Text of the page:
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  Reply # 1798503 12-Jun-2017 14:19
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Same spot in Mosgiel, 24 hours apart

 

Drivers with no lights on, in full darkness. Only due to my headlights did I see them - I flashed each one, but based on not being able to see tail lights in my rear view, it didn't seem to make any difference.


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  Reply # 1798510 12-Jun-2017 14:26
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nzkiwiman:

 

I flashed each one, but based on not being able to see tail lights in my rear view, it didn't seem to make any difference.

 

 

Not your problem any more... you did what you could. Well done.

 

 

 

 


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  Reply # 1798535 12-Jun-2017 14:56
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I was leaving a car park after a concert last week, and was behind someone who I know to be closer to 90 than 80; she had no lights on (despite it being after 9pm, and the exit from the car park being a long and unlit driveway!), so I did my usual of flicking my lights onto full. She ignored this, so I repeated it a couple of times - by the time we reached the main road she'd got to the point of putting on her parking lights, but it wasn't until well down the main road she got her full lights on.

 

It really worries me how little controls we place on ensuring older people have the ability to drive safely... (She'd already tried going the wrong way in the car park, despite arrows clearly marking it as one way - guess she couldn't see the markings without her lights on!)


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  Reply # 1798589 12-Jun-2017 16:00
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Getting into car in a reasonably well lit area seems to trick a few people.

 

Auto-on headlights are certainly a handy invention in that circumstance.





Mike

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  Reply # 1798603 12-Jun-2017 16:18
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jonathan18:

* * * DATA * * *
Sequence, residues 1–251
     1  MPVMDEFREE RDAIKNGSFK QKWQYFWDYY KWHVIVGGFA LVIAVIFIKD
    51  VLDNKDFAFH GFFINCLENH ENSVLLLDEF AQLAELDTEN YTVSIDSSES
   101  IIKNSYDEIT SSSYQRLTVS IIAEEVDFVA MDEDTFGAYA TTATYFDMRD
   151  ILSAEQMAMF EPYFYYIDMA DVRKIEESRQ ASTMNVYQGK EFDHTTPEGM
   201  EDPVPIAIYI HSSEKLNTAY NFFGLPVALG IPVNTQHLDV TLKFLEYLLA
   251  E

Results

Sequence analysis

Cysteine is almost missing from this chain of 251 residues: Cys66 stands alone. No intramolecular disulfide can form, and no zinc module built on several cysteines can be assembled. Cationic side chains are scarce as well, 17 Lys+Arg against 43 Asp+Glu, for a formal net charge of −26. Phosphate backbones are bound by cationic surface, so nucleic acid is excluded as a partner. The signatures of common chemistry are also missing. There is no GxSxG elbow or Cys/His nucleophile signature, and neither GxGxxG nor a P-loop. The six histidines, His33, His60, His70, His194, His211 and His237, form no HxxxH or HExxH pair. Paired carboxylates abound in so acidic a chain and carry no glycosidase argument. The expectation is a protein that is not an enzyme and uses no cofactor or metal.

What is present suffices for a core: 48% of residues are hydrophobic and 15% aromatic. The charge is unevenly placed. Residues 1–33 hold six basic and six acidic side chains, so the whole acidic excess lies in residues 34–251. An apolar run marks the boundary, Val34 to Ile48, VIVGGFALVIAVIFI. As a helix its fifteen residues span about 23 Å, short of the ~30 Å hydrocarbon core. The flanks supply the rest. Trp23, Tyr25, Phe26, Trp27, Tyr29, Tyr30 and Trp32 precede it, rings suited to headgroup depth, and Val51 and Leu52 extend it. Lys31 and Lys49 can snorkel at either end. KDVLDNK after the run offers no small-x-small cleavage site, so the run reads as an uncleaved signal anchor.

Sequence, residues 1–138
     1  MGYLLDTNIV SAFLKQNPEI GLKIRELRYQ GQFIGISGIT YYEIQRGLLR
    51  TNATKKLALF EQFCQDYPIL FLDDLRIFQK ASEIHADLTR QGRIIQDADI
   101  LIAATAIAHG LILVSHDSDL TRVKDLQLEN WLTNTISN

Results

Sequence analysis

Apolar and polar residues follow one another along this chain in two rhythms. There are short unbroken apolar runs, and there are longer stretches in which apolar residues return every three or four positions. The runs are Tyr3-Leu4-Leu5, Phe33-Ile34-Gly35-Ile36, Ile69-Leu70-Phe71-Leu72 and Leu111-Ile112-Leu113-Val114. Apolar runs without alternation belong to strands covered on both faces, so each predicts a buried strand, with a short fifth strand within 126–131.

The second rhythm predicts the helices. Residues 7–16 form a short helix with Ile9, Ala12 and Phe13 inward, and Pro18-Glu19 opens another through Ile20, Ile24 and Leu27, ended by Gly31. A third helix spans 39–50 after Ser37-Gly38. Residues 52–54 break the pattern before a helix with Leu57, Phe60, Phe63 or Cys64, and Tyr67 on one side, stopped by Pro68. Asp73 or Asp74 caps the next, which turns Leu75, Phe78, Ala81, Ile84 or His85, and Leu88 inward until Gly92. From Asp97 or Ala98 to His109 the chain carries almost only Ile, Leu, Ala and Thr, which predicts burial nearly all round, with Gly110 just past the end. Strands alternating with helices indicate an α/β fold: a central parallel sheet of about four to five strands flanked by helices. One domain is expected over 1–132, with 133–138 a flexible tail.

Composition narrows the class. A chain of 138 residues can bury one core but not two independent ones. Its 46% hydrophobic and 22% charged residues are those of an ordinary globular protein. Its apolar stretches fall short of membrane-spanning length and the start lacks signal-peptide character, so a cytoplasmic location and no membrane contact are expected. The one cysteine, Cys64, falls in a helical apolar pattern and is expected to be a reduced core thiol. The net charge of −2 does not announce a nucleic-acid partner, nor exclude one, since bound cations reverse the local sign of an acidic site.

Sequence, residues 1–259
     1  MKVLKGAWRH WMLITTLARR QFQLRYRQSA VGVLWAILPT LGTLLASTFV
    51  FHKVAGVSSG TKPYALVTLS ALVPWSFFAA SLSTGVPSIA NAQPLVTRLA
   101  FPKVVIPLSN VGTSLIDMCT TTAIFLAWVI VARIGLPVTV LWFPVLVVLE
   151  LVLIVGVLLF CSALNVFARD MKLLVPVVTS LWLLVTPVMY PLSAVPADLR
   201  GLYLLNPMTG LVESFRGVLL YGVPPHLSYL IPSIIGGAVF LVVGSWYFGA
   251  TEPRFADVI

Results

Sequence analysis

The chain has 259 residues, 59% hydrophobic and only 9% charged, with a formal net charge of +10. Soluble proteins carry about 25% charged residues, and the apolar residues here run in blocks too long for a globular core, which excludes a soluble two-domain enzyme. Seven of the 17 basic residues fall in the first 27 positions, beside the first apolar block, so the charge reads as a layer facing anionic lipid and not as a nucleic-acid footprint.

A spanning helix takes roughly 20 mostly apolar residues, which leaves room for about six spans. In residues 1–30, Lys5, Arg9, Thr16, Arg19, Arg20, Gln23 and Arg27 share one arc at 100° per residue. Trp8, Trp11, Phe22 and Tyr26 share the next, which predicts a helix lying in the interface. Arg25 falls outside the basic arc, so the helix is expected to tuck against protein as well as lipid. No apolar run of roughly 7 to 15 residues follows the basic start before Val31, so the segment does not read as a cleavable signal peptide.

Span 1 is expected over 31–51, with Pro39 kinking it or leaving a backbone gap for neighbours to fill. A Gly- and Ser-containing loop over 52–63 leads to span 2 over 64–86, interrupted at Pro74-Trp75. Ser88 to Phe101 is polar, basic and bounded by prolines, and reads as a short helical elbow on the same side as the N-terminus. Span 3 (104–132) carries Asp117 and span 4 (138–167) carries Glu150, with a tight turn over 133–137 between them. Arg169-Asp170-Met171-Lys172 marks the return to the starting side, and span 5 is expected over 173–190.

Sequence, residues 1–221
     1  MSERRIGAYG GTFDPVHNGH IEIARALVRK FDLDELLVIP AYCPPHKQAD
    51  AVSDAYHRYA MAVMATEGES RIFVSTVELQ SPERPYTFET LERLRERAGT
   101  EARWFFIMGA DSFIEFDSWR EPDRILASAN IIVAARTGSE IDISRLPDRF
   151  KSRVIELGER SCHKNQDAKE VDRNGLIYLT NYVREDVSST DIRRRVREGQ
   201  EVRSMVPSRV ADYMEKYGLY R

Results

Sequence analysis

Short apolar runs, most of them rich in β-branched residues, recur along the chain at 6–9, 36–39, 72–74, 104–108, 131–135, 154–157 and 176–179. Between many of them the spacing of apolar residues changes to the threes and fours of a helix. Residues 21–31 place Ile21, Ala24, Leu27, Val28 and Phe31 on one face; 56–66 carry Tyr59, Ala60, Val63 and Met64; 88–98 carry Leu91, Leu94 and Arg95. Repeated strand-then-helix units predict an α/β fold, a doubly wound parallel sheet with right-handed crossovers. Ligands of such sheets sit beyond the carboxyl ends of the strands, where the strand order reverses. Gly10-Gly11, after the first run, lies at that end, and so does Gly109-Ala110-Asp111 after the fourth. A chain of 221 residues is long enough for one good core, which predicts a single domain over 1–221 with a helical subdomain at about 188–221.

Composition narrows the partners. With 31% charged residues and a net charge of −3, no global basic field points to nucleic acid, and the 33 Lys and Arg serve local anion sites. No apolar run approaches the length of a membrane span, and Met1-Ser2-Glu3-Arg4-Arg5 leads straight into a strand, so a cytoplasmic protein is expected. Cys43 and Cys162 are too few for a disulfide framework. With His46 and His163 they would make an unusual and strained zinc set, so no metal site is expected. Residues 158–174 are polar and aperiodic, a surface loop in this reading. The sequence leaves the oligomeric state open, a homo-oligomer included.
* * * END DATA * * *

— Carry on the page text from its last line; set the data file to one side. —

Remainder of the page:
I was leaving a car park after a concert last week, and was behind someone who I know to be closer to 90 than 80; she had no lights on (despite it being after 9pm, and the exit from the car park being a long and unlit driveway!), so I did my usual of flicking my lights onto full. She ignored this, so I repeated it a couple of times - by the time we reached the main road she'd got to the point of putting on her parking lights, but it wasn't until well down the main road she got her full lights on.

 

It really worries me how little controls we place on ensuring older people have the ability to drive safely... (She'd already tried going the wrong way in the car park, despite arrows clearly marking it as one way - guess she couldn't see the markings without her lights on!)

 

 

I have a elderly MIL (86) who drives so I was interested in this. I had a quick look at the statistics and they don't suggest there is a problem for the very oldest drivers. In fact, if you want to improve road safety you(we) should work to get males off the road :-)

 

72% of fatal crashes caused by males :-(

 

http://www.transport.govt.nz/research/roadcrashstatistics/motorvehiclecrashesinnewzealand/motor-vehicle-crashes-in-new-zealand-2015/

 

Section 8. fig 30. I'd like to see them normalised for population distribution.

 

I know, lies, damned lies etc.